And that’s gotta be the most infuriating part of it all.

Riot Night In Canada

Long-time readers of this blog are probably aware of how I feel about riots, and more importantly, their aftermath. But when Toronto lost its shit over the G20 summit almost exactly one year ago, as ridiculously unjustified as that was, it was at least over something important: the rights of citizens in their city. Oh, and politics, and the environment, and big corporations, and, uh… hipsters, or something.

So I don’t know if Vancouver is just trying to be Toronto (no surprises there), or if they really just take hockey way too seriously.  Either way, I earnestly implore my BC friends:

Come on guys. Really?

I don’t suppose it’ll mean much if I say it’s “just a game.” I get it- hockey is a big part of our culture, and watching a Canadian team lose to the Boston Bullies in a Stanley Cup final is a serious blow to our collective ego. But there are good hockey riots and bad hockey riots.

GOOD: When Toronto boy and former Timbit Sidney Crosby scored the gold-medal-winning goal in your fair city during the 2010 Olympics, the entire country took to the streets in celebration. Walking home that night along Yonge, I experienced the massive party in Yonge-Dundas square, saw the spontaneous parades marching proudly down the street, and heard buskers everywhere break out into our national anthem. It was a beautiful, glorious moment, and one that the Canadian hockey lover in all of has every reason to cherish.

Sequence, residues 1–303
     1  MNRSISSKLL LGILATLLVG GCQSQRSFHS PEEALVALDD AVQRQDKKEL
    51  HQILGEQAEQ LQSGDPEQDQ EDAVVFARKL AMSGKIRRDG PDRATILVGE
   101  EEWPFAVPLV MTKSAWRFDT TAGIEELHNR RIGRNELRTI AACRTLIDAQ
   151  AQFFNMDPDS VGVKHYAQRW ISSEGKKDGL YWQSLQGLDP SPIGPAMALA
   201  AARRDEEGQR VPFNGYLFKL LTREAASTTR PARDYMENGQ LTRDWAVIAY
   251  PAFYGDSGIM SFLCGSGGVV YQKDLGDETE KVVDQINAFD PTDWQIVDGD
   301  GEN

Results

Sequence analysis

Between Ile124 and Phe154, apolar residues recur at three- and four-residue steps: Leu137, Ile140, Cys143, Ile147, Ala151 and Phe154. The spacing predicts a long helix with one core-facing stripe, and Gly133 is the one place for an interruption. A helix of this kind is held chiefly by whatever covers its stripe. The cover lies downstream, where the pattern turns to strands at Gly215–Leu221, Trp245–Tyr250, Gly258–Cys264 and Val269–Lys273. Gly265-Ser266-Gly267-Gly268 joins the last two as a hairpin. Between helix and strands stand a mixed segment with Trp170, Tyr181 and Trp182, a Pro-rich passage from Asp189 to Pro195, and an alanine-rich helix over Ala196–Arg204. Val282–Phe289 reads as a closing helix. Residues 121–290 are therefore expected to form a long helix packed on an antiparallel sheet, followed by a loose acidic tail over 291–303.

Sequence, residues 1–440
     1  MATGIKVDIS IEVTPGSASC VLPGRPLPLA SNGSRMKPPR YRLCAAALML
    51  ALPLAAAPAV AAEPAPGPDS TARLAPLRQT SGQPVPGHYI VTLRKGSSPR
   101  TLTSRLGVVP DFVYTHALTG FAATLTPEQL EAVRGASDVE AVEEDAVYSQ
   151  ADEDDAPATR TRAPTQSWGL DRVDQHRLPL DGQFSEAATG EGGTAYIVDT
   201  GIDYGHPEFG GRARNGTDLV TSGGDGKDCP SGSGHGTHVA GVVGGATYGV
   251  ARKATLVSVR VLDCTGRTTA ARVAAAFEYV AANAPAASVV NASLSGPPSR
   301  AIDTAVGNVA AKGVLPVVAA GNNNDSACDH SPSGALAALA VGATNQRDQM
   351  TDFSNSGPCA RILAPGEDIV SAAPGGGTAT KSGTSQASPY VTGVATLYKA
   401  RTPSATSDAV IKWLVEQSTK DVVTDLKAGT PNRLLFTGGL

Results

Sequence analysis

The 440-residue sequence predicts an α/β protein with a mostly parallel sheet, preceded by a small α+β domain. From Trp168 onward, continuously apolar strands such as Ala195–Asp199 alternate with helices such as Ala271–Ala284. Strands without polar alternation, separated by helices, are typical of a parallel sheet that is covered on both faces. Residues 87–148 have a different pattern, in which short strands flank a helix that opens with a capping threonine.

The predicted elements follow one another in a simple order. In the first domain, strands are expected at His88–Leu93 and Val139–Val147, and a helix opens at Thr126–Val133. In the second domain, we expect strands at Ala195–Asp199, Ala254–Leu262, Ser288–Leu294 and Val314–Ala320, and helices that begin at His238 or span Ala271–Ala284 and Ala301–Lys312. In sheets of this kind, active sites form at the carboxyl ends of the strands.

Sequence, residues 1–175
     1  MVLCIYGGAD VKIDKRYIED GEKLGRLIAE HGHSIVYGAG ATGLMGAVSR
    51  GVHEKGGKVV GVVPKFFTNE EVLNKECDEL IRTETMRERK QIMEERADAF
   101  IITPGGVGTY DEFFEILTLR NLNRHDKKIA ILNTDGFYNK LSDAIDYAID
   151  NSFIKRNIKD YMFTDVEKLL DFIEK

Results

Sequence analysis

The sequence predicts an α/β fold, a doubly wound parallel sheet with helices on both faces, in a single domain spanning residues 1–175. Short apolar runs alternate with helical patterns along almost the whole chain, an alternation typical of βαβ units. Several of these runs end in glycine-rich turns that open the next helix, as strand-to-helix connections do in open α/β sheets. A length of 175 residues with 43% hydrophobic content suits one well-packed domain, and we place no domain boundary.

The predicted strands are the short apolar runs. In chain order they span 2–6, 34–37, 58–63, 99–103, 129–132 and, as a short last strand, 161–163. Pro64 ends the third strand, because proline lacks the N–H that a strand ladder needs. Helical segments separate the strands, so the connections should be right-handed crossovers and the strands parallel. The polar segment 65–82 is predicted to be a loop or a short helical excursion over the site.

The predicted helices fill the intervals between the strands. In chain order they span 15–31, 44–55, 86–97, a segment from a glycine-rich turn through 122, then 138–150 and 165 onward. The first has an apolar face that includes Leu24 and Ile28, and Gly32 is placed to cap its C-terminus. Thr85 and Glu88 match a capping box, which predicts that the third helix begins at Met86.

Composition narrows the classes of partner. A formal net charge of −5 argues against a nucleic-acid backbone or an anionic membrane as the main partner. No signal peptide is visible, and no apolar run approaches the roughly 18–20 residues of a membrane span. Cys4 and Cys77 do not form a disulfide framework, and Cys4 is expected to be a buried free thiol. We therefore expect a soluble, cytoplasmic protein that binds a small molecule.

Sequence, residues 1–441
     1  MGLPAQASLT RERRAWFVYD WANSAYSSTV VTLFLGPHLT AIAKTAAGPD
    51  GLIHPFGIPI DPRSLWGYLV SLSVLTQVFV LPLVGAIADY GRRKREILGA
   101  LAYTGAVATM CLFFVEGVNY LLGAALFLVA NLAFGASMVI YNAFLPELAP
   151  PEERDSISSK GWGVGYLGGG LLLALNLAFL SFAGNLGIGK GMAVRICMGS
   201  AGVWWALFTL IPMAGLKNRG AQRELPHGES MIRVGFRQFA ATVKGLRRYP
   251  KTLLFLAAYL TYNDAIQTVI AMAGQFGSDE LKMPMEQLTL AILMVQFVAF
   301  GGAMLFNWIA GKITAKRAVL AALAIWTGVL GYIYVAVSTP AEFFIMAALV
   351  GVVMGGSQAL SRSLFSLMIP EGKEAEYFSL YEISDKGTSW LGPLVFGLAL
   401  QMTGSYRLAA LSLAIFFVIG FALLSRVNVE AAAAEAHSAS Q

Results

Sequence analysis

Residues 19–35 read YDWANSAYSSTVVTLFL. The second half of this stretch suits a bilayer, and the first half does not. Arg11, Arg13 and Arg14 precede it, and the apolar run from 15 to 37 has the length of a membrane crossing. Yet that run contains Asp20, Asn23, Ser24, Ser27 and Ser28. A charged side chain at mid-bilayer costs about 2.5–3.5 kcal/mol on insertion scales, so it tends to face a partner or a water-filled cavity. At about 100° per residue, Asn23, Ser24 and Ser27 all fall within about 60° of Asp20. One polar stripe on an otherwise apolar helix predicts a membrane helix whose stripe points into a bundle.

BAD: This bullshit.

I admit, I don’t necessarily get the whole “hocky culture” of Canada. I grew up here, but I was born in the States, and my parents are from entirely different continents. But I am Canadian.

One of the proudest days of my life was receiving my Canadian citizenship. I like beer, bacon, and maple syrup, and when I get bumped into by a pushy stranger, I apologize. I believe that Canada is the best country on Earth, and deserves the respect and admiration of the world.

But you, rioting Vancouver Canucks fans. You’re just making us look bad.

We’re supposed to be better than this. Okay, I know, Toronto rioted last year too, but at least we had genuine grievances, and the overwhelming majority of us wanted nothing to do with those proceedings. I have yet to hear a single Vancouverite speak in defense of his or her city. Not that I’m saying that all Vancouverites are rioting douchebags- I know they’re not. I know that they don’t even necessarily all love hockey. But, well… here’s my thing with Vancouver: